Misdiagnosed Ovarian Cancer Survivor Endures Years Of Pain
- Danielle Malafant, 38, endured bloating, constipation, and intense stomach pain for years until the day in July 2015 when she found herself hospitalized after suddenly collapsing during a family gathering. That is when she learned she had ovarian cancer that had been misdiagnosed as irritable bowel syndrome.
- Malafant and her husband would go on to have twins a year later, but then, the cancer came back. This time there were tumors on her left ovary and she had a full hysterectomy.
- “Because the symptoms are often negligible and easy to dismiss, ovarian cancer can be one of those stealth illnesses that goes unnoticed until it’s reached a late stage,” Dr. Beth Karlan, a gynecologic oncologist at UCLA Medical Center, previously told Survivor Net.
An outraged ovarian cancer survivor who endured a pain she describes as “ten times worse” than childbirth for years is speaking out after being misdiagnosed with irritable bowel syndrome (IBS).Read More
That is when doctors discovered that her problem was not IBS, but rather the 13.5cm tumor on her ovary.
“It was the worst pain I’ve ever felt in my life – I delivered my children naturally without pain medication, and this was ten times worse, but they told me it was just IBS,” Malafant told DailyMail.com.
The doctors were able to remove the tumor and Malafant recovered in time to walk down the aisle just a few months later in front of her family and two children.
Malafant and her husband would go on to have twins a year later, but then, the cancer came back. This time there were tumors on her left ovary.
Given the situation, Malafant elected to not only remove her left ovary but undergo a complete hysterectomy.
The mother-of-four did not think twice about having the procedure, but she laments the fact that she needed the operation given the years her cancer grew inside her body due to her misdiagnosis.
“I feel frustrated looking back,” she explains.
“I think there needs to be more information available to women,” states Malafant.
“If they had done more testing in the beginning, I do wonder if it could have prevented everything I’ve gone through.”
Diagnosing Ovarian Cancer
“Because the symptoms are often negligible and easy to dismiss, ovarian cancer can be one of those stealth illnesses that goes unnoticed until it’s reached a late stage,” Dr. Beth Karlan, gynecologic oncologist at UCLA Medical Center, previously told Survivor Net.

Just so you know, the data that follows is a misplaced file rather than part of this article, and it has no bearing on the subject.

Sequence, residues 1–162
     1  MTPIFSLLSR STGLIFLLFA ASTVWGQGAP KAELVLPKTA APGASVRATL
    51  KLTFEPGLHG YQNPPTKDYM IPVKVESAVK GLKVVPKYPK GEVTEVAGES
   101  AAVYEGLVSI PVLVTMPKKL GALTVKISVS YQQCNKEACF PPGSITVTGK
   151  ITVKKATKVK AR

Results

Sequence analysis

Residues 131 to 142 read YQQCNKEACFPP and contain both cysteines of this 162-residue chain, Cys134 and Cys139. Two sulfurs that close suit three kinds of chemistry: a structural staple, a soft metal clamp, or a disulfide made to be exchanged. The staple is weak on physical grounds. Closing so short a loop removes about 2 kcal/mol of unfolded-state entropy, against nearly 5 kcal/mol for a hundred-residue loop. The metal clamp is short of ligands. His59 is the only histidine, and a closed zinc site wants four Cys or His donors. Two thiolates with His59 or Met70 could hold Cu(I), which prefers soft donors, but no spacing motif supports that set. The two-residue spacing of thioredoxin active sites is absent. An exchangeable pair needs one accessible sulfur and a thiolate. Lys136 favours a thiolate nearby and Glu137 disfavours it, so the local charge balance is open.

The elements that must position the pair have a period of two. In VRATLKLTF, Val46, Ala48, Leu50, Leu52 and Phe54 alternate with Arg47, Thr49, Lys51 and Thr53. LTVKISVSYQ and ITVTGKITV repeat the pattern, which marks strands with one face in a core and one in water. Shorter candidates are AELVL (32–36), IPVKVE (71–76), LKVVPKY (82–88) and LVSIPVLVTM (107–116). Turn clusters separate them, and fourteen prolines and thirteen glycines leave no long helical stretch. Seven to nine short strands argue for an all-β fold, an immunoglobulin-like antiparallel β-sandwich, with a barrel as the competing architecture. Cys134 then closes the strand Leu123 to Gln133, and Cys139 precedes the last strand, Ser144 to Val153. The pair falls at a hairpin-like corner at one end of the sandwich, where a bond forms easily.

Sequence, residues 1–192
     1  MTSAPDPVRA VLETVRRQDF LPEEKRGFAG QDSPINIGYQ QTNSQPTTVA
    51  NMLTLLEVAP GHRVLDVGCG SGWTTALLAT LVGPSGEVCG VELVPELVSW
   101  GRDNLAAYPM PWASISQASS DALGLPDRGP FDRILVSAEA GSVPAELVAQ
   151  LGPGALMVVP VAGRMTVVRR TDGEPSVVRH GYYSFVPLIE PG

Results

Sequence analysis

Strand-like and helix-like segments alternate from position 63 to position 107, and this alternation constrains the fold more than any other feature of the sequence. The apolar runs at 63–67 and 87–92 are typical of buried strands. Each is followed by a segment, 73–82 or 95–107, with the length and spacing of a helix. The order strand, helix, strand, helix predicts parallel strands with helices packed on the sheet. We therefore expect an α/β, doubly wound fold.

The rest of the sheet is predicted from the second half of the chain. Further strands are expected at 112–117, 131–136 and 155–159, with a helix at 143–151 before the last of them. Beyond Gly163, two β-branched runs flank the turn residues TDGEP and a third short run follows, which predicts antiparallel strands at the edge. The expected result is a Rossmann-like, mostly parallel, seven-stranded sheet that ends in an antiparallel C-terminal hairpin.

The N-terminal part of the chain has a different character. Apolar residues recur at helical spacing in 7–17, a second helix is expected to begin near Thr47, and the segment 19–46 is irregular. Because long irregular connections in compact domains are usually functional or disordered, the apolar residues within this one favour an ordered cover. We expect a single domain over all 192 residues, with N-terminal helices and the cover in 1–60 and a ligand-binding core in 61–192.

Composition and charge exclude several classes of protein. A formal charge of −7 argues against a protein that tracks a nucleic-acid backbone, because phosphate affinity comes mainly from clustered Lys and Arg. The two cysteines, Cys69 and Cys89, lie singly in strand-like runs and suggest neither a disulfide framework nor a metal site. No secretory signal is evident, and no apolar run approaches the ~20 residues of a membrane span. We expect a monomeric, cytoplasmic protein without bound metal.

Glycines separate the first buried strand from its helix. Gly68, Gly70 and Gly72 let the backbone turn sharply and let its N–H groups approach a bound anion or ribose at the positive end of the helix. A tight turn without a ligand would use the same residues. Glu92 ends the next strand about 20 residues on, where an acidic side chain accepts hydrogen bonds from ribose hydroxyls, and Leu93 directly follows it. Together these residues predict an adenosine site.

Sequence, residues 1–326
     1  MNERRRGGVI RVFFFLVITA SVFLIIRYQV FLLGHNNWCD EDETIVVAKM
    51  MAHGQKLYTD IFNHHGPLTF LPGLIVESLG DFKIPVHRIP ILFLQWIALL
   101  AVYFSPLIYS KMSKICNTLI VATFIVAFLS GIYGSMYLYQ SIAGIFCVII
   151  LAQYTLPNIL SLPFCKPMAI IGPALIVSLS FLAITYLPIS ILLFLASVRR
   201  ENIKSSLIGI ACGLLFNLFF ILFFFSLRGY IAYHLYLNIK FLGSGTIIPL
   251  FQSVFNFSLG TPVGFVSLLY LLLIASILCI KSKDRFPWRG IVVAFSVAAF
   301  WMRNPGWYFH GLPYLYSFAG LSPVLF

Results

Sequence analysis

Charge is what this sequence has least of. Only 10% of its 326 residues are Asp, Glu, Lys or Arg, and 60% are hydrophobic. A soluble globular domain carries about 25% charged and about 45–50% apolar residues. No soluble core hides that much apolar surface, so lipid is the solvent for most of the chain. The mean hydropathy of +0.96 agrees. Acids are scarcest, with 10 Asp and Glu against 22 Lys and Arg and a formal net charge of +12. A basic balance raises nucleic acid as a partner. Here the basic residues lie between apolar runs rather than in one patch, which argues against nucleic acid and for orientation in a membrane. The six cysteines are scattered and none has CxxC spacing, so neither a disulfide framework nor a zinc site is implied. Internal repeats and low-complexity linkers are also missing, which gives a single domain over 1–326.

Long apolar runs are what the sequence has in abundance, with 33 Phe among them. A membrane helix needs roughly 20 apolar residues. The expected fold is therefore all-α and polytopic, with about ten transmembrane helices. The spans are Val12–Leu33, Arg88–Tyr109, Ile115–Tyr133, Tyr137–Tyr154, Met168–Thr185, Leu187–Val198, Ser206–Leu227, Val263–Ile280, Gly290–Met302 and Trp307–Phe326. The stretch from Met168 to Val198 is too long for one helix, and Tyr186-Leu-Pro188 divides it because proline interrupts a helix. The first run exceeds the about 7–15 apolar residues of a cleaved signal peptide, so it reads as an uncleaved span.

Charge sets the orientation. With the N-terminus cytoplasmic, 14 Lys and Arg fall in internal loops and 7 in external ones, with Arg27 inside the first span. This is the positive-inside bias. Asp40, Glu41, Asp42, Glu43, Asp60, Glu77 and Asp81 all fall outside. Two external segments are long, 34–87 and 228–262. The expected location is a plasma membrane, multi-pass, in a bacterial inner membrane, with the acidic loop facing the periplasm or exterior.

“After all, who hasn’t felt overly full on occasion? Or needed to urinate a little more often than normal? Because most, but not all, cases occur in menopausal women, the bloating, pelvic pain, and other symptoms may seem unremarkable when so many other things are going on within a woman’s reproductive organs.”
Dr. Karlan explained that these factors explain why there is an average delay of nine months between when a woman first experiences symptoms of the disease and her diagnosis.
She encourages any women who experience the following symptoms for a week or more to see their doctor and ask to be screened for ovarian cancer. And those with a history of the disease in their do the same after the age of 30 if not sooner, even if they are not yet experiencing symptoms.
- Severe pelvic or abdominal pain
- Difficulty eating or a feeling of fullness that makes it painful to eat
- Sudden and frequent urges to urinate
- Upset stomach
- Back pain that can feel similar to a UTI
- Pain during intimate sexual encounters
- Heavier than usual menstruation or spotting
- Distended stomach or abdominal swelling coupled with weight loss
Misdiagnosing Ovarian Cancer
Danielle Malafant is one of the many ovarian cancer warriors whose symptoms were misdiagnosed for years.
Jackie Liu has a remarkably similar story, experiencing the same symptoms and getting a similar misdiagnosis before eventually discovering she was battling the disease.
“So in hindsight, knowing what I know now, I probably had symptoms for a while,” Liu previously told SurvivorNet.
“It began with bloating, but I worked in healthcare and so you don’t necessarily eat very healthy, so I chalked it up to food issues. And then I had a lot of pain during sex, which wasn’t a thing for me until about a year before I was diagnosed. So every time I had sex, it was very, very painful. I also had bladder spasms, which were misdiagnosed as a UTI constantly.”
There was also severe abdominal pain, which just like Malafant, resulted in Liu’s hospitalization.
“I was in the middle of nowhere in Nevada, and I had lower right abdominal pain that I thought was appendicitis. So I went to the ER and that’s where they scanned me and found a huge mass,” recalled Liu.
She was released from that facility and returned to a hospital closer to her home in Virginia that was better equipped to treat her, and after a scan confirmed what doctors in Nevada had found, she underwent surgery just a few weeks later.
Liu also made the same decision that Malafant did and underwent a full hysterectomy to make sure the cancer would not return.